It was exactly what consumers didn’t know they wanted and sold more than 150,000,000 units. Nintendo followed it up in 2006 with the Wii, which had sub-par graphics but a motion-sensitive controller and even more games aimed at families and casual gamers. It too was doomed to fail, then handily outsold the competition by 20,000,000 or so units. . .

Everyone in Fraternity/Sorority Life is all about leadership and combating this or that, but that’s not what our consumers want. Nintendo, like Apple, focuses on what makes them great, quality uniqueness, and put it on the market. People love accessible quirkiness.

Fraternities need to find that mojo and care less about what the mainstream suggests we should care about.

 

Persistence Is Key; Avoid Insanity.

In the original Super Mario Bros., players finish level after level and get to castle after castle only to find that the princess is in some other world. To some, that may be frustrating; to me, that’s life.

Not everything goes the way we plan the first time. Each level of Super Mario introduces a new element or skill to master. Failure is merely a means of improving your skill and rounding out your character. Every Nintendo game follows this formula: Introduce a skill, let the player practice, then require them to master it.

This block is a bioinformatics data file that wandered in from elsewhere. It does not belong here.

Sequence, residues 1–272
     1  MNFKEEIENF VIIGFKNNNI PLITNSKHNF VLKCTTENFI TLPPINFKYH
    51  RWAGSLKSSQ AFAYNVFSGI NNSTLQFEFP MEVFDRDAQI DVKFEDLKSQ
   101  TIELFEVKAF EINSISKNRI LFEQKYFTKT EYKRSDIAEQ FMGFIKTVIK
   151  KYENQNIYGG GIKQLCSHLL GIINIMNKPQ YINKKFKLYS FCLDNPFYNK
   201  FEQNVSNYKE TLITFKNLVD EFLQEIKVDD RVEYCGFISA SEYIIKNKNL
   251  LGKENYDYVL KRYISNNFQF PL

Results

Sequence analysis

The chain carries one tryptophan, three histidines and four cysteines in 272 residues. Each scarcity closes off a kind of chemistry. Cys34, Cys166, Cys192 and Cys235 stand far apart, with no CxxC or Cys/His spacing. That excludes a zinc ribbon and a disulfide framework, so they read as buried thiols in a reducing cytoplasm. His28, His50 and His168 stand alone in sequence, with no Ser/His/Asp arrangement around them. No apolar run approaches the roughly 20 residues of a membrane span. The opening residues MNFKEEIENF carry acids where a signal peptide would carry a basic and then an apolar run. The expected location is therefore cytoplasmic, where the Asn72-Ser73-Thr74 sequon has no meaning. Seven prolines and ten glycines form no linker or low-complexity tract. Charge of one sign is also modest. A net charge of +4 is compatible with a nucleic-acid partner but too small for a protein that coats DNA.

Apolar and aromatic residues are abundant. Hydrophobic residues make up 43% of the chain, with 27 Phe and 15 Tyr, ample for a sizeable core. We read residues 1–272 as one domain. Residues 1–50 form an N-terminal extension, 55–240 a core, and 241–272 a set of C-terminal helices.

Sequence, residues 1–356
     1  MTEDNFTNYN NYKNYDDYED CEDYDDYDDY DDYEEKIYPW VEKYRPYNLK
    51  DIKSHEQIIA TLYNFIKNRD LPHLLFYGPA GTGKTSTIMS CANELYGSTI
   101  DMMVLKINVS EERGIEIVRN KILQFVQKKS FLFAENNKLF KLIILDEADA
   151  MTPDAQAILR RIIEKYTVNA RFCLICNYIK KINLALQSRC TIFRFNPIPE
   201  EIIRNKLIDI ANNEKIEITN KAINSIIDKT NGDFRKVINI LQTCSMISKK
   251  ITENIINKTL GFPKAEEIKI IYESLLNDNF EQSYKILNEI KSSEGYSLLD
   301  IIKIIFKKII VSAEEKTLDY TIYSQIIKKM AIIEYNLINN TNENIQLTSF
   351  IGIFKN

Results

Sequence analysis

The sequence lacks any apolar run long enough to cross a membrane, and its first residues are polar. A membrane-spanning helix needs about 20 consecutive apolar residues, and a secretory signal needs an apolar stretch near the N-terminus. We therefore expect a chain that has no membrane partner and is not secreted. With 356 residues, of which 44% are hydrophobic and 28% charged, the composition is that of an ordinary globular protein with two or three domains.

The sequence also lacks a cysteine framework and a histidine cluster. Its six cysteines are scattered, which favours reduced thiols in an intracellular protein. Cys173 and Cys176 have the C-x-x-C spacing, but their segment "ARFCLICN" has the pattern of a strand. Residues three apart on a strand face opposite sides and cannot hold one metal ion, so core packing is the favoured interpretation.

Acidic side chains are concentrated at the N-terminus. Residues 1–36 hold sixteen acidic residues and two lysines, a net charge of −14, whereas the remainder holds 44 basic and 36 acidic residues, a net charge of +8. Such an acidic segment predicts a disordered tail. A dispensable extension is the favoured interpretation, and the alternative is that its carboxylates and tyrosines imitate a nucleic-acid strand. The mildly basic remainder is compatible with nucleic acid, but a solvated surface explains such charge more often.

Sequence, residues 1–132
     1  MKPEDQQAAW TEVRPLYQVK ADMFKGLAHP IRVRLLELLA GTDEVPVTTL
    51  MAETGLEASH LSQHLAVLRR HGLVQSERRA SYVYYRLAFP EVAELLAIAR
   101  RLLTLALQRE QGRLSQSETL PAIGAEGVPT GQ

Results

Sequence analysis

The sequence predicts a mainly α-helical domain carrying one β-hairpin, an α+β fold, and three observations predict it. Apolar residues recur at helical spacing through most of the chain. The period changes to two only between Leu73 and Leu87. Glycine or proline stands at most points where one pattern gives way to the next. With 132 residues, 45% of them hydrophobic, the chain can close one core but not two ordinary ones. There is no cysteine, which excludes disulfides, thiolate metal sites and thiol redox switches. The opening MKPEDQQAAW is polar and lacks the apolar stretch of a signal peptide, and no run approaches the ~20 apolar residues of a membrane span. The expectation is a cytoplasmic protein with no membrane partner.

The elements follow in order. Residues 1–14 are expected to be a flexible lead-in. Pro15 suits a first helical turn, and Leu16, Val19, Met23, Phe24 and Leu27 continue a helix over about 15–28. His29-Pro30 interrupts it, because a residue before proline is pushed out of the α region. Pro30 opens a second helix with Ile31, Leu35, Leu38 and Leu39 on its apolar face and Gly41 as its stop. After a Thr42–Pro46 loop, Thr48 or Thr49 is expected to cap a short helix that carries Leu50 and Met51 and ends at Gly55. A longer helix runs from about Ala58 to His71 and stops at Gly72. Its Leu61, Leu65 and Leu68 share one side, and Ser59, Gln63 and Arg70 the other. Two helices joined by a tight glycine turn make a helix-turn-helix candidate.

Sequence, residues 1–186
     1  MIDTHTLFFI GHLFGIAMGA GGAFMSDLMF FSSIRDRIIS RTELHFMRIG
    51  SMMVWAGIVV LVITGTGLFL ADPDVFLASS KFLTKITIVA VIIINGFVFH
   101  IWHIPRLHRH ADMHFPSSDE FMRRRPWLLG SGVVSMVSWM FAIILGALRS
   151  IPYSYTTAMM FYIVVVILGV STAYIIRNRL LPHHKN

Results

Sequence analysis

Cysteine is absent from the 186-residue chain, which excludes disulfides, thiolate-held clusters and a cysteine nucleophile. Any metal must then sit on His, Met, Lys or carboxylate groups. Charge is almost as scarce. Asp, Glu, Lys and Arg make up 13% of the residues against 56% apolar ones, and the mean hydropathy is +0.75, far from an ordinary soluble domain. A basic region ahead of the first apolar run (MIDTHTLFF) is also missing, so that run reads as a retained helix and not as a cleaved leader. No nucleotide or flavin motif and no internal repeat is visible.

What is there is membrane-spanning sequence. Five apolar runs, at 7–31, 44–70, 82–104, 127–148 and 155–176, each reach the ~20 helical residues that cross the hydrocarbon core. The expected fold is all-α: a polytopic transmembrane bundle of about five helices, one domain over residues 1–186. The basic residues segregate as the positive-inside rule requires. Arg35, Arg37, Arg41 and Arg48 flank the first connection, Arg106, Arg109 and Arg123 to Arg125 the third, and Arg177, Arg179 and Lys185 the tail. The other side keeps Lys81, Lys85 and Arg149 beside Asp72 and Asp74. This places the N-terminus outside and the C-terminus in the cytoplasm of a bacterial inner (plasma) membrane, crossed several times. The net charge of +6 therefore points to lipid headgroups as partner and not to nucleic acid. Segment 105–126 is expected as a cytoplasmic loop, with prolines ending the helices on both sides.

We want an experience that enables men and women to be better people and citizens. Alcohol prohibition hasn’t worked, speakers who treat our students like children haven’t worked and headquarters teams not being concerned with their stakeholder’s wants and needs hasn’t worked.

We should be persistent in getting rid of alcohol abuse, in getting our students to man/woman up and in making our stakeholders love us again, but we can be persistent and try new things at the same time.

 

Know Your Audience Better Than They Know Themselves

Nintendo does not make wildly popular shooting games filled with blood and war simulations. People who buy Nintendo games enjoy quirk, they enjoy having fun with others in the room, they like to be surprised and they love nostalgia. Nintendo knows this, even if their fans are not completely aware of it.

Chapters need to know what their members want and the best way to do that is to recruit consistently. It does us no good to have some men fully concerned with receiving a leadership experience and others concerned with expanding their gut’s beer capacity. Fine tune your message and only do things that revolve around that message.